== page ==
The Victorian Opposition Leader Ted Baillieu, and Gary Singer, Deputy Mayor of Melbourne, have unwittingly ignited ethnic tension in Melbourne after they attended a controversial Greek community rally in Melbourne’s Federation square this past Sunday sponsored by the Victorian Multicultural Commission, a State government body.
Mr Baillieu who was on stage with Mr Singer, and Mr John Pandazopoulos, a former Labor state Minister, all cheered and clapped after the MC of the event shouted in Greek “Ellas, Ellas, Makedhonia,” which in English is translated to mean Greece, Greece, is Macedonia.”
Members of the crowd carried balloons in Blue and Gold carrying the slogan” Macedonia is Greece.”
Members of Victoria’s Macedonian community have now claimed that Mr Baillieu and Mr Singer have taken sides in a long running historical dispute from the Balkans.
The highly influential and largest circulation Macedonian community newspaper, The Australian Macedonian Weekly, has placed an embarrassing front page photo of Red Ted Baillieu with the headline:
“ON SUNDAY IN MELBOURNE– THE GREEKS WAVED THE BANNER ‘MACEDONIA IS GREECE.’ — with a big picture of Mr Baillieu.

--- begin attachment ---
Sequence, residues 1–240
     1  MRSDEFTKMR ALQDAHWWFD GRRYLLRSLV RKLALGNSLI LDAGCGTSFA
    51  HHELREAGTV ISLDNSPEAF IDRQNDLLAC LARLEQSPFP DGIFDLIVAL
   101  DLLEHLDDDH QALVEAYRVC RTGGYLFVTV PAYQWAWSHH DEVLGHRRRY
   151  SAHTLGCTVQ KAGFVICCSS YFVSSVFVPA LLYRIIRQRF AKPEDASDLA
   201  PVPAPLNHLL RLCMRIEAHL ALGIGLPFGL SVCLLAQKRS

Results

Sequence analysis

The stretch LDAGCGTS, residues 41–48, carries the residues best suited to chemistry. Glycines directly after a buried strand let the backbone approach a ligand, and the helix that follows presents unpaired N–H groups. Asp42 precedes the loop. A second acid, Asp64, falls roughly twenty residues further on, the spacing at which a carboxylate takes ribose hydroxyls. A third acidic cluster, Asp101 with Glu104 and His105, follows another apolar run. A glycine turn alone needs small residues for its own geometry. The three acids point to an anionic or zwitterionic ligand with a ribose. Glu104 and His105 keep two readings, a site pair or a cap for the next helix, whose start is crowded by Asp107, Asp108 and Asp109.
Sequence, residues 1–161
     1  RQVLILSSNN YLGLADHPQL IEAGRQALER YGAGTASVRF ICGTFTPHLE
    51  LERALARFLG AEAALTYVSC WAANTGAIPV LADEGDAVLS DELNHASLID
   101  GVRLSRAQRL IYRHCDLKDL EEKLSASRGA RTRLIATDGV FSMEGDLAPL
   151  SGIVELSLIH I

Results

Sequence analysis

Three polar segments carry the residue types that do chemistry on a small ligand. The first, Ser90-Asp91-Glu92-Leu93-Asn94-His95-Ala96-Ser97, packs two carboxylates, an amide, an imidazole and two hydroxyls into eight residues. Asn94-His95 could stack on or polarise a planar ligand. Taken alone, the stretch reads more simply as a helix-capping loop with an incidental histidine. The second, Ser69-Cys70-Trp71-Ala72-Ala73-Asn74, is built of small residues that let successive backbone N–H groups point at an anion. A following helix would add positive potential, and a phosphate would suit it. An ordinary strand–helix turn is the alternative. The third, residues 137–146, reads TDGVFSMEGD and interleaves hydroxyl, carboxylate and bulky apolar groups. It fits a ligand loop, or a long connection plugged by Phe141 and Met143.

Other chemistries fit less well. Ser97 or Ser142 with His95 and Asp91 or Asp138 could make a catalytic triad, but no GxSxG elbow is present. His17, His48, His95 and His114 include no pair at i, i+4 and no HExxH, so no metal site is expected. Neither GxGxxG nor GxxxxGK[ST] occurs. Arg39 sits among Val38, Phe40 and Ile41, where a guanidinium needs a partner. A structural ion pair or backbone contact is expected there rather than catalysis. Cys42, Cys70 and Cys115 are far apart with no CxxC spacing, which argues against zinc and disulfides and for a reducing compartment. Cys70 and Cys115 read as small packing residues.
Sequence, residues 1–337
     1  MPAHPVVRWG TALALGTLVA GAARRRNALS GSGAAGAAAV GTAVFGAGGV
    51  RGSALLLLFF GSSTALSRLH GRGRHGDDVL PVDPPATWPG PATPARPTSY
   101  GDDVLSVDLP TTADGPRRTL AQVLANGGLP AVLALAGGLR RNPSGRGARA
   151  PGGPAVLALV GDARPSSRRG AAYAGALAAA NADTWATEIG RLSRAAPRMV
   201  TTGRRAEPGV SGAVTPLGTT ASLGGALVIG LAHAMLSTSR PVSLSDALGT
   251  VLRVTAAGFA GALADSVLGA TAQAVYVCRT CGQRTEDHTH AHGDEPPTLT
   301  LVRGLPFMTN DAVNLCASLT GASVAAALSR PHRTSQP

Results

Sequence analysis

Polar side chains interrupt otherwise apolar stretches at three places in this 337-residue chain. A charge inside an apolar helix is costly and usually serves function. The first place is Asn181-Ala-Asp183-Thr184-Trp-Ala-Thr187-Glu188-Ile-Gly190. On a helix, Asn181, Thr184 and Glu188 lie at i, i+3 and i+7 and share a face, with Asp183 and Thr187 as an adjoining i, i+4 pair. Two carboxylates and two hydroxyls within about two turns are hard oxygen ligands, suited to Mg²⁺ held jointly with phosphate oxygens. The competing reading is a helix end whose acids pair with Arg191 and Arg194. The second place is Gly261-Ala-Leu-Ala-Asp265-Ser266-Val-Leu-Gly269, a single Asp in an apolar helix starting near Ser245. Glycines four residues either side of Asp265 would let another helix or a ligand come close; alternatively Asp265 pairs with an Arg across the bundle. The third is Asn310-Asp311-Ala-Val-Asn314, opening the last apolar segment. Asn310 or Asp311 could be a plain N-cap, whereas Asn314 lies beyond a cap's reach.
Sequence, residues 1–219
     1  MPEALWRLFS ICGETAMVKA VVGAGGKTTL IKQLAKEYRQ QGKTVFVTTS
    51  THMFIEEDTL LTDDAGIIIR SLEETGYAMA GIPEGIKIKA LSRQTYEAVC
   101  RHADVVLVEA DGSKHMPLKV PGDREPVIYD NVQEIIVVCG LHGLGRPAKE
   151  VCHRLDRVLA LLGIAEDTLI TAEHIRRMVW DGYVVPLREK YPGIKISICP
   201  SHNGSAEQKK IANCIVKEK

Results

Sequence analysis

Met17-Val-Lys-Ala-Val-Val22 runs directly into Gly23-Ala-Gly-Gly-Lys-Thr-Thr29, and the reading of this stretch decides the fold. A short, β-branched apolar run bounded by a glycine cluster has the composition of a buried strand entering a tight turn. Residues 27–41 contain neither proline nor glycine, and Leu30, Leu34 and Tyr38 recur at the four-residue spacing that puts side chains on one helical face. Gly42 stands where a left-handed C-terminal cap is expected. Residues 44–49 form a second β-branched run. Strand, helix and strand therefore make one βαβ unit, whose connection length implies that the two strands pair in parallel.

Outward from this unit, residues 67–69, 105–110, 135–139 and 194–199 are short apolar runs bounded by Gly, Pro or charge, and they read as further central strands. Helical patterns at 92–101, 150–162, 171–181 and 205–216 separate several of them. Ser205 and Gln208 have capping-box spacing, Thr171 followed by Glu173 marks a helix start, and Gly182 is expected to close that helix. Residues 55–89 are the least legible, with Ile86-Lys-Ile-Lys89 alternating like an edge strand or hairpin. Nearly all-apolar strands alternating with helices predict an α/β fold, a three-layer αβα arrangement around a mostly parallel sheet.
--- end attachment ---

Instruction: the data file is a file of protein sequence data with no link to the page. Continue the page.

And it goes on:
(Vo nedeleta vo melburn – grcite mavtaa Makedonija e Grcka)
Tensions have traditionally run hot over the issue of Macedonia, as Greece refuses to recognise the existence of The Republic of Macedonia, which declared its independence from Yugoslavia in 1991. In recent times, the United States, Canada, Russia and many other nations have recognised the existence of Macedonia and a separate Macedonian ethnic group. Australia, in order to calm Greek opposition, refers to Macedonia as The Former Yugoslav Republic of Macedonia (FYROM), a term also temporarily used by the United Nations.
The Greek argument is the term Macedonia belongs to Greece. Melbourne’s large Greek and Macedonian communities have been involved in violent disputes at demonstrations and soccer matches over the issue in the past.
The Kennett Liberal Government made a controversial political decision in the 1990s to support the larger and more politically savvy Greek community in the dispute. This led Kennett to re-name Melbourne’s Macedonian community as Slav-Macedonian in response to Greek pressure. But a Supreme Court Challenge by the Macedonian community led the Kennett government to drop the term.
Tensions have been lying dormant but critics are asking is it wise for the Opposition Leader to revisit Kennett style divide and rule ethnic politicking?